Formulation of Second Law of Thermodynamics in terms of Entropy
The thermal property that remains constant in the adiabatic process is called entropy. Alternately, entropy is the physical property of the body that remains constant in an adiabatic process.
According to Clausius, the first law of thermodynamics is as follows:
The total energy of the universe is constant. It is called the conservation principle of energy. Clausius defined the second law of thermodynamics in the following way:
The entropy of the universe is progressively increasing. It can also be called the law of increase of entropy. Naturally, we can define the second law of thermodynamics in terms of entropy in the following way:
All physical or chemical actions take place in such a way that as a result of which entropy of the whole system increases. In a limiting case, the entropy of a reversible process remains unchanged.
The second law of thermodynamics can be stated in terms of entropy. If a reversible process occurs, there is no net change in entropy. In an irreversible process, entropy always increases, so the change in entropy is positive. The total entropy of the universe is continually increasing. In order to define the second law of thermodynamics let us consider the values of the entropy of the initial and final state A and B are respectively SA and SB. So, change of entropy of the system,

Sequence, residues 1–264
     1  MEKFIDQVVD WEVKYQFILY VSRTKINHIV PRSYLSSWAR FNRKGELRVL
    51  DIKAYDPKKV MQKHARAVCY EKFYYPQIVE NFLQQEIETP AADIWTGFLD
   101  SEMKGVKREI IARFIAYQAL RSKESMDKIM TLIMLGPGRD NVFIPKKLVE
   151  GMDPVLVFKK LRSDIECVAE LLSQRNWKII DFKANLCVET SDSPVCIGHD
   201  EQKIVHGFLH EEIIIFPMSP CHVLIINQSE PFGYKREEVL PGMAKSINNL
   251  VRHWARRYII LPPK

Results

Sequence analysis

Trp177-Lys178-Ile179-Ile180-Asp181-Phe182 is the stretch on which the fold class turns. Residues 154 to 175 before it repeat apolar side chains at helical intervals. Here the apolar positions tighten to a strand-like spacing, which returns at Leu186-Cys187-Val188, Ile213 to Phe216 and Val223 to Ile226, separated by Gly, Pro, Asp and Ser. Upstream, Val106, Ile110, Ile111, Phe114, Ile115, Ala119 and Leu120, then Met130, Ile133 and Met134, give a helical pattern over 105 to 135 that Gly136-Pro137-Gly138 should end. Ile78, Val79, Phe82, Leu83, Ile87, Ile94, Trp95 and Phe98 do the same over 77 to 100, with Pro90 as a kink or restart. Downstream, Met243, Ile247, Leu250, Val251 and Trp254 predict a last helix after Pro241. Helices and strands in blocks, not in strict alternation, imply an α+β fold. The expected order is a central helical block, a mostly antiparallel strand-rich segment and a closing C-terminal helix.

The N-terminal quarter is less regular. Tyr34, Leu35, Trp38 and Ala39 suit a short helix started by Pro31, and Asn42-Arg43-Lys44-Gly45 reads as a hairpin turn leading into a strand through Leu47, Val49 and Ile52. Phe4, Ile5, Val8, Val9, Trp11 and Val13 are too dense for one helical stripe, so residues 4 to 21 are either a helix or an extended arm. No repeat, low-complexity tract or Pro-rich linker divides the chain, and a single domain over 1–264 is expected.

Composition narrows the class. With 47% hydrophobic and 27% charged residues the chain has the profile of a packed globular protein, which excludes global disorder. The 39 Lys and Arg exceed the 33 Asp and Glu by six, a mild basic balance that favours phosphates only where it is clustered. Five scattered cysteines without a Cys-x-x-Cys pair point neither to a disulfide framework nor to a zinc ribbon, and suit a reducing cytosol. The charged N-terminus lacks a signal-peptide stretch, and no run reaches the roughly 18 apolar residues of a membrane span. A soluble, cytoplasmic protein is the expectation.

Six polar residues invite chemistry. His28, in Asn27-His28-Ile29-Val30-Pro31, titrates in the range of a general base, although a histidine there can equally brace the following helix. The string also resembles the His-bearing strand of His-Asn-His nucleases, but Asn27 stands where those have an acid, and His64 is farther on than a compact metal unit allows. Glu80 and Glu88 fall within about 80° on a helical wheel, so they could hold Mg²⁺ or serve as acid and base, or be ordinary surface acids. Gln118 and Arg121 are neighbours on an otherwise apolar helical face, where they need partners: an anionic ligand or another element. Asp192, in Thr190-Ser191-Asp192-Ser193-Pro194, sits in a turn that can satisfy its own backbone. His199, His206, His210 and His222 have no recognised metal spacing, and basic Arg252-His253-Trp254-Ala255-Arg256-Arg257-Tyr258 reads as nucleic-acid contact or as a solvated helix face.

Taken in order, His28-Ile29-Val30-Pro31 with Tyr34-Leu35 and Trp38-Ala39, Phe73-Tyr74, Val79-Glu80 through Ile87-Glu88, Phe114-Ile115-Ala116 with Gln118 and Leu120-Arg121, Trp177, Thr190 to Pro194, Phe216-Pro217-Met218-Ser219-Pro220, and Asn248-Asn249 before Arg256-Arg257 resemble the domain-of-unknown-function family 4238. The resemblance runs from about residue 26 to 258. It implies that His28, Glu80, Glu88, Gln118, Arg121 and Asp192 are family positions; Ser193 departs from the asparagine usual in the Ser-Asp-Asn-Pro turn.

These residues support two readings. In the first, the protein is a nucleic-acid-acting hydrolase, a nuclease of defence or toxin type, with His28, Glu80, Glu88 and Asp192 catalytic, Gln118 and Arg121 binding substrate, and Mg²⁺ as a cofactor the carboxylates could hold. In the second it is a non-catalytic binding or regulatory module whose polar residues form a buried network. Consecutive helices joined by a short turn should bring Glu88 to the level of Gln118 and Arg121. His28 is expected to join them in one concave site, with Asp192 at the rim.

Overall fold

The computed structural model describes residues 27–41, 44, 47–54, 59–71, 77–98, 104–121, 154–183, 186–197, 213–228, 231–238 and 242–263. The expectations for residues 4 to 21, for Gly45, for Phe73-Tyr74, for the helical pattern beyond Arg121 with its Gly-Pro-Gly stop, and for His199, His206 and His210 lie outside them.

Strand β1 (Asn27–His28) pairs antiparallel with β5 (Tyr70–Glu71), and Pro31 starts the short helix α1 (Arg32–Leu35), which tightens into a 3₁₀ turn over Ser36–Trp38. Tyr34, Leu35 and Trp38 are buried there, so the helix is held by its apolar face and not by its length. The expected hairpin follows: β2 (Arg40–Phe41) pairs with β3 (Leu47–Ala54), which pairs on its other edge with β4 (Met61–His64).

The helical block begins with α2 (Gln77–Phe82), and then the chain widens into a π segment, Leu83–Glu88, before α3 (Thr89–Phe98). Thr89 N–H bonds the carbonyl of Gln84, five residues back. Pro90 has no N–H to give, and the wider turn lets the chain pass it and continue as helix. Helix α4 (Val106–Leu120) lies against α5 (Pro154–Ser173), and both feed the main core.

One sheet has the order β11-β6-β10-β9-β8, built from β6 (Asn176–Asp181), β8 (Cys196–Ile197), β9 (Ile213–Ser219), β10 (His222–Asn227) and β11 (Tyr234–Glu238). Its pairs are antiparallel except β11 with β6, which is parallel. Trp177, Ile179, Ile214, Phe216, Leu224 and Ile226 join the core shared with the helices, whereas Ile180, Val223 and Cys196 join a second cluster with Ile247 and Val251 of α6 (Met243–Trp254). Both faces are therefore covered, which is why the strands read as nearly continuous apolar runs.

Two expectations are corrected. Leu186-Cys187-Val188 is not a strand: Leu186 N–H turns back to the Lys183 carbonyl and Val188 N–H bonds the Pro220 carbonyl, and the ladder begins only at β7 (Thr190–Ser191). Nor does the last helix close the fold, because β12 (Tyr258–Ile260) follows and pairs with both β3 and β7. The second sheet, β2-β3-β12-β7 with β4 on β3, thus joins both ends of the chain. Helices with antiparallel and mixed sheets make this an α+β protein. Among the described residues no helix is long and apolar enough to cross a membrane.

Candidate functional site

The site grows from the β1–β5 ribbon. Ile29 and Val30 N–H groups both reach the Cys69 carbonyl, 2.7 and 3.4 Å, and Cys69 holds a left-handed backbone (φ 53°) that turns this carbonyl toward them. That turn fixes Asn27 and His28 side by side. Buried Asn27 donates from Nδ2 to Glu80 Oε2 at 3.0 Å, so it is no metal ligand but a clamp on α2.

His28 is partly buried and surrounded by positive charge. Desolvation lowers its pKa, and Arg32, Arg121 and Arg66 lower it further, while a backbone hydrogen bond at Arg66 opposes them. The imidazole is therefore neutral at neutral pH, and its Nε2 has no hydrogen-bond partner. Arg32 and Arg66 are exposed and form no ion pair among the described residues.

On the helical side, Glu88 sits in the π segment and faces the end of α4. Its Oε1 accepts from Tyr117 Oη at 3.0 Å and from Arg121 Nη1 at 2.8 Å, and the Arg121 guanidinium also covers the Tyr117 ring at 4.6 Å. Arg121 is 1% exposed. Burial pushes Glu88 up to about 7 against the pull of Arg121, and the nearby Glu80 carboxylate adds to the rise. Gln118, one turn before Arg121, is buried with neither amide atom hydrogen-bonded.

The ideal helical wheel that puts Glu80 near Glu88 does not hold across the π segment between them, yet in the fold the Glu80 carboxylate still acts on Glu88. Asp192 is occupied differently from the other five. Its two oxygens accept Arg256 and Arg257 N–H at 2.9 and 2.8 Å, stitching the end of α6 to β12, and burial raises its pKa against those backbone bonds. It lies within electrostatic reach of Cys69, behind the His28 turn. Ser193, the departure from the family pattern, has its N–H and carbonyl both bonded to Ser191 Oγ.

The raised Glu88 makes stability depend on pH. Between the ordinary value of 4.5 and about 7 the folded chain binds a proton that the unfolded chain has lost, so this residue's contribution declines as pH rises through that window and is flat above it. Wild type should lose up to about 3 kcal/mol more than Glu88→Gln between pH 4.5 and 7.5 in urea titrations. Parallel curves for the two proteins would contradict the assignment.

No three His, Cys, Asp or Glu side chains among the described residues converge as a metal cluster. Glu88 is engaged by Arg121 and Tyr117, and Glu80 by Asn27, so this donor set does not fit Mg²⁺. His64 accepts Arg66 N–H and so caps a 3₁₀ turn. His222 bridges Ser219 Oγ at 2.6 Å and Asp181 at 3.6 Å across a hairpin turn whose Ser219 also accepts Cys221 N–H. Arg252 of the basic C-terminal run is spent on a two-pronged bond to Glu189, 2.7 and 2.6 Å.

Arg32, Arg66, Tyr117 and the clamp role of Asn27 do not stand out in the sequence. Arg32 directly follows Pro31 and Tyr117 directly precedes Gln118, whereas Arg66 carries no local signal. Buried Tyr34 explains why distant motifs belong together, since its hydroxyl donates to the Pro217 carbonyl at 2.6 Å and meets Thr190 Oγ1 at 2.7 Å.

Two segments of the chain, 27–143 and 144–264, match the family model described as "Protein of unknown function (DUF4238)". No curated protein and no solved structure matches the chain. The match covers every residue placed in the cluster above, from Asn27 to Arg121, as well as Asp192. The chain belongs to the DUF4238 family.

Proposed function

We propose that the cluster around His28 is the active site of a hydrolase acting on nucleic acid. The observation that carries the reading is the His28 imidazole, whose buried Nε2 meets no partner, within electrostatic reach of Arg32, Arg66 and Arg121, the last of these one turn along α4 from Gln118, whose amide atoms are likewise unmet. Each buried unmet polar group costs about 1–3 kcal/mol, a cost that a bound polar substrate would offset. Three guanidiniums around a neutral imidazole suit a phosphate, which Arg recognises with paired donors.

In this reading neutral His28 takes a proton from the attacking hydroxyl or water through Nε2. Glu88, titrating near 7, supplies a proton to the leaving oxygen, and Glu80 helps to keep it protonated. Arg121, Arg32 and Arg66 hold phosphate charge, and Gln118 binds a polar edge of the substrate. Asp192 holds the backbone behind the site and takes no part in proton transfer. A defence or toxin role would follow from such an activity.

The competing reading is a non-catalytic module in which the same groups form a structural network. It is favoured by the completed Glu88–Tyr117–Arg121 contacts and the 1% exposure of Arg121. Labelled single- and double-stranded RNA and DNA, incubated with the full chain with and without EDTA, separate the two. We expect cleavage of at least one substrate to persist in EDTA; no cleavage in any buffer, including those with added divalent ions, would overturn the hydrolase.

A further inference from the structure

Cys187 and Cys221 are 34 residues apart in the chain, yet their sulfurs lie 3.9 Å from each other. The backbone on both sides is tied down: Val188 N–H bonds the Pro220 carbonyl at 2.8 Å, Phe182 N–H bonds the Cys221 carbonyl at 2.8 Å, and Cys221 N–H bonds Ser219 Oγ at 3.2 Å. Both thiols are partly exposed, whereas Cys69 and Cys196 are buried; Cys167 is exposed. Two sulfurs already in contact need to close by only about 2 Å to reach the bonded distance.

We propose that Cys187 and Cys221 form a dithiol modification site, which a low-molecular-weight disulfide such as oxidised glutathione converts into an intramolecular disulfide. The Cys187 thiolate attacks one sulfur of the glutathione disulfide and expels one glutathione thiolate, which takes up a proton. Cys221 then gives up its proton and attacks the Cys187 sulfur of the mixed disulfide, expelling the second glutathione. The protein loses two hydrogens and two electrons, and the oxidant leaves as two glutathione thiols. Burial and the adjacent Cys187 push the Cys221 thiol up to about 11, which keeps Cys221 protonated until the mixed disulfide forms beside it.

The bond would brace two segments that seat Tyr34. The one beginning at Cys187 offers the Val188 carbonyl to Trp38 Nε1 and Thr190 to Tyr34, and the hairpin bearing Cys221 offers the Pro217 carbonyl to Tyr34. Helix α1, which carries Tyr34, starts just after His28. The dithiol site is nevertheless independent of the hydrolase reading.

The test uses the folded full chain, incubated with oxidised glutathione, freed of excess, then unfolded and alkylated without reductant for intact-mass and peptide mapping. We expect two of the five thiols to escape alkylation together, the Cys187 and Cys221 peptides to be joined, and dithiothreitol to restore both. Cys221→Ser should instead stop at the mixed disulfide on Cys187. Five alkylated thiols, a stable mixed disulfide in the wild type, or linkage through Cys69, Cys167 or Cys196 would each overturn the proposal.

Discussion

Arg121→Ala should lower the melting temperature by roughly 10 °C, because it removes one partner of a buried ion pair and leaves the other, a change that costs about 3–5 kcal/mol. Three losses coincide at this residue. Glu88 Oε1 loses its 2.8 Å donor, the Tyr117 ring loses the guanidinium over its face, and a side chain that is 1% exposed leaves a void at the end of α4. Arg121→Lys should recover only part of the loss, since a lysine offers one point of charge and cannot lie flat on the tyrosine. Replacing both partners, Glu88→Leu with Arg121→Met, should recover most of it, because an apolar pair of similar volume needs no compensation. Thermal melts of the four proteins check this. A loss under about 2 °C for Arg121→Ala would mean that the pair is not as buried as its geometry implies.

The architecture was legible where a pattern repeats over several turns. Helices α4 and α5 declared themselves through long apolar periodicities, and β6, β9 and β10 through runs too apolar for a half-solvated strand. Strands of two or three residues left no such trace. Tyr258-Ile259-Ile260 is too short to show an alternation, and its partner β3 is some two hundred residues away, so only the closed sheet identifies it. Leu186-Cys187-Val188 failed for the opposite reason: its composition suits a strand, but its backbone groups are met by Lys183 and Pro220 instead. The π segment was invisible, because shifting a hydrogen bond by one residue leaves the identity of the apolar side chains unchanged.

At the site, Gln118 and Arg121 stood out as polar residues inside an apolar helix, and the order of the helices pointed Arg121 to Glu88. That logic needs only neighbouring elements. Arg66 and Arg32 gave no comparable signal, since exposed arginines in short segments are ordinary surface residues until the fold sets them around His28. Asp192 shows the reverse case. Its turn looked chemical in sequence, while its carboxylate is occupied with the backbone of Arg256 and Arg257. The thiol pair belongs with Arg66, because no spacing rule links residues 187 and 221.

SB – SA = ∫AB dQ/T …. …. (1)
If the two states A and B are very dale to each other, then we can write dS = dQ/T
then, dQ = T dS … … … (2)
This is the mathematical definition of the second law of thermodynamics.
We know entropy increases in caw of irreversible process and entropy remains constant in the reversible process. Most of the processes in the universe are an irreversible process. So, it can be said that the entropy of the universe is progressively increasing.